With multinational retailer Tesco neither willing to confirm nor deny that it is the “Supermarket X” linked to Hepatitis E infections in an estimated 150,000 to 200,000 British sausage lovers annually, some people are beginning to suspect imported pork products were responsible.

According to the World Health Organization:

  • Hepatitis E is a liver disease caused by infection with a virus known as Hepatitis E virus (HEV).
  • Every year, there are an estimated 20 million HEV infections worldwide, leading to an estimated 3.3 million symptomatic cases of Hepatitis E.
  • WHO estimates that Hepatitis E caused approximately 44,000 deaths in 2015, accounting for 3.3 percent of the mortality due to viral hepatitis.
  • The virus is transmitted via the fecal-oral route, principally via contaminated water.
  • Hepatitis E is found worldwide, but the prevalence is highest in East and South Asia.

Britons are upset that Public Health England (PHE) has named “Supermarket X” as a common denominator in the spread of the virus to United Kingdom consumers, instead of releasing the actual name of the retailer.

The virus causes a mild to short-term infection, unless victims have an existing liver disease or are pregnant. Infections cause flu-like symptoms, yellow coloring of the skin and eyes along with fever, vomiting, loss of appetite and overall tiredness.

Much like the Centers for Disease Control and Prevention withholding the fact that Taco Bell was the source of a nationwide foodborne disease outbreak in the United States several years ago, PHE is refusing to name the retailer on the basis that it is not to blame.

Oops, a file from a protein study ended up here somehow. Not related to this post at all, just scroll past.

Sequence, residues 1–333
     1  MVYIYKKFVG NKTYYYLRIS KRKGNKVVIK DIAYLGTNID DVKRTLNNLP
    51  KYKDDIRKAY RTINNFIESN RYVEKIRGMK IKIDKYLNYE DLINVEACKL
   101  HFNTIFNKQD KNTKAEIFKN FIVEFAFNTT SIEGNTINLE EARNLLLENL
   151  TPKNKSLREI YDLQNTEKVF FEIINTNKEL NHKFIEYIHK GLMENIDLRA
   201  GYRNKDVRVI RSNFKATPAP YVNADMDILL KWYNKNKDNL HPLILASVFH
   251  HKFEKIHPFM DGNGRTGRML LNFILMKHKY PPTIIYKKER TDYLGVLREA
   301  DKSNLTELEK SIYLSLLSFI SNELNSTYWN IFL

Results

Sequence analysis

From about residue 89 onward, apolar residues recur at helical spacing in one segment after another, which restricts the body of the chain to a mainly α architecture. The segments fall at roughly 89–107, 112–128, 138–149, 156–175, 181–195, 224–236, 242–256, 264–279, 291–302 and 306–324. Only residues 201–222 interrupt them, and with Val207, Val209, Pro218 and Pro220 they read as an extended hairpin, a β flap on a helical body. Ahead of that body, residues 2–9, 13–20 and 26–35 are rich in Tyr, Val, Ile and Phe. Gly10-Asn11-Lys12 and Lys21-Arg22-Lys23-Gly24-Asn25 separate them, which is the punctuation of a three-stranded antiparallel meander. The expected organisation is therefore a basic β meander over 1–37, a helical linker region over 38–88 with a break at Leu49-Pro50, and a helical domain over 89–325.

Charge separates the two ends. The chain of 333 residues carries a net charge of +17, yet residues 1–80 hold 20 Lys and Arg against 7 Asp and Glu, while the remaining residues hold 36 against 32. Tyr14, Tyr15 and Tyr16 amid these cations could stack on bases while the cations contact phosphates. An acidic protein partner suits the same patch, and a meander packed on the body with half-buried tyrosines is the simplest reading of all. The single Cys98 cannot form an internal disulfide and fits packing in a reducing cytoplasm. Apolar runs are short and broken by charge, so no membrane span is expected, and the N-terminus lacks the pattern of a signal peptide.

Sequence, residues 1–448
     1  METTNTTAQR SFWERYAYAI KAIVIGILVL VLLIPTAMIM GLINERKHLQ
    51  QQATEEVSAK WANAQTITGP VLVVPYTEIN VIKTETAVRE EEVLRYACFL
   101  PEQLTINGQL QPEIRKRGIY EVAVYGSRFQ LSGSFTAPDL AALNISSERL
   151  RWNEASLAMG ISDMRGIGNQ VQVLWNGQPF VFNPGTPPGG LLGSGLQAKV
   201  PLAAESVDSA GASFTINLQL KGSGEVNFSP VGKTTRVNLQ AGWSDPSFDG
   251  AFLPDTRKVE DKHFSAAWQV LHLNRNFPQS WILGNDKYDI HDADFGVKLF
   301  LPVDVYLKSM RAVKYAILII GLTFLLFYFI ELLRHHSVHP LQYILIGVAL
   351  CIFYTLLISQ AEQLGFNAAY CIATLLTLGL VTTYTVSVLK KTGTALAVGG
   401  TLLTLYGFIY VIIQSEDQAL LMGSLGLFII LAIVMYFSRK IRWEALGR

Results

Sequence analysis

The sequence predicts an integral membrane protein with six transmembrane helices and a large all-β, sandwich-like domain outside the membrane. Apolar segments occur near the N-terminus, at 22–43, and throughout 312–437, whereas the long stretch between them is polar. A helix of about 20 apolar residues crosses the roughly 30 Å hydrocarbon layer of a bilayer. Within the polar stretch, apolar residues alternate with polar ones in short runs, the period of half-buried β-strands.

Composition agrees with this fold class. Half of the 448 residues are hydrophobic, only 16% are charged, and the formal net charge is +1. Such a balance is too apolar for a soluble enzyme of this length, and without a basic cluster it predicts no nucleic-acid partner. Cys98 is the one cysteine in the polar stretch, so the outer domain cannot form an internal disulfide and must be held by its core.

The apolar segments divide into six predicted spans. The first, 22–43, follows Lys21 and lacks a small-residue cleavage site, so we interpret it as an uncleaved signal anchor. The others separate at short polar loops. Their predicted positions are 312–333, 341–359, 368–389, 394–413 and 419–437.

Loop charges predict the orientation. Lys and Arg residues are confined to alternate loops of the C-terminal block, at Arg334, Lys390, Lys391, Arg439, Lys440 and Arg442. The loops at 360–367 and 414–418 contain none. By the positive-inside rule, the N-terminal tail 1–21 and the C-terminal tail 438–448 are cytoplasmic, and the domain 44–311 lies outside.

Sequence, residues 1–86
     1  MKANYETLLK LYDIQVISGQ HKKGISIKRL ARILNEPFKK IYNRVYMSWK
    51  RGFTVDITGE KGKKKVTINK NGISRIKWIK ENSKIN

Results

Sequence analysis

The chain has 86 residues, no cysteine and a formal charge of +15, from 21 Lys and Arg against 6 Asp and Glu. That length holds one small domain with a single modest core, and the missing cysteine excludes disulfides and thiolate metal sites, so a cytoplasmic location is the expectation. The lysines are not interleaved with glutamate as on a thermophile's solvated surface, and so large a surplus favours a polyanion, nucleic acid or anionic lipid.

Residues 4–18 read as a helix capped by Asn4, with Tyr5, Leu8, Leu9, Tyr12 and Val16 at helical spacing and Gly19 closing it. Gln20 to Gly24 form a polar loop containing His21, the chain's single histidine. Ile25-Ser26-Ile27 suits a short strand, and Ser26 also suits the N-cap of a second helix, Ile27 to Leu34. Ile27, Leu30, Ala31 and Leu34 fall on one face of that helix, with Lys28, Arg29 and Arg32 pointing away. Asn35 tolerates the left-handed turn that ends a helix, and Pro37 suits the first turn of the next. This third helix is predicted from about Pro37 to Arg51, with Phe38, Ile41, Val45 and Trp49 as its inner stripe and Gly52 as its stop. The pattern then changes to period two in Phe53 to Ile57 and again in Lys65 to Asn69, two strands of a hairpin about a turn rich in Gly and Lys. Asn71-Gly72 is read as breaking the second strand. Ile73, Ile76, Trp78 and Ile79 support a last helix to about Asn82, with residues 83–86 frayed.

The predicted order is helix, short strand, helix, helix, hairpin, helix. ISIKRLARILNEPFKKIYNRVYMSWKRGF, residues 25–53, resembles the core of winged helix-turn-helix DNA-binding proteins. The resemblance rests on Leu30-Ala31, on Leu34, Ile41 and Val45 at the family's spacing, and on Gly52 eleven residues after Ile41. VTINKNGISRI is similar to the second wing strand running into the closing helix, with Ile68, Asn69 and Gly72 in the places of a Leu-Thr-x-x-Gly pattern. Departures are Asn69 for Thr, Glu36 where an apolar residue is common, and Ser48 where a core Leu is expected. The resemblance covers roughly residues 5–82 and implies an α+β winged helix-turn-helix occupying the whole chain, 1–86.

For its part, Tesco will only say it is working closely with PHE and the Food Standards Agency (FSA) on the situation. The problem goes back several years. The number of Hepatitis E cases actually confirmed by PHE increased to 1,243 in 2016, up from 368 in 2010.

The PHE renewed warnings to the public about the need to completely cook pork sausages and other ready-to-eat pork products before eating them. FSA says once cooked, the risk from eating the pork products are very low. Pork sausages should no longer be pink, and their juices should run clear.

The 150,000 to 200,000 estimate from PHE for annual Hep E cases is based on a study completed in early 2016 but withheld from the public over “sensitivity” issues. The study found the continental practice of collecting the blood of slaughtered pigs and adding it back into meat products after processing without sterilization contributed to the spread of the virus.

UK consumers are on guard at moment over food safety with news of the Hep E infections coming on the heels of a shell egg scandal from Dutch producers using the insecticide fipronil to clean egg houses, contaminating 700,000 table eggs.

Food Safety News ultimately named Taco Bell as CDC’s “Restaurant X.”

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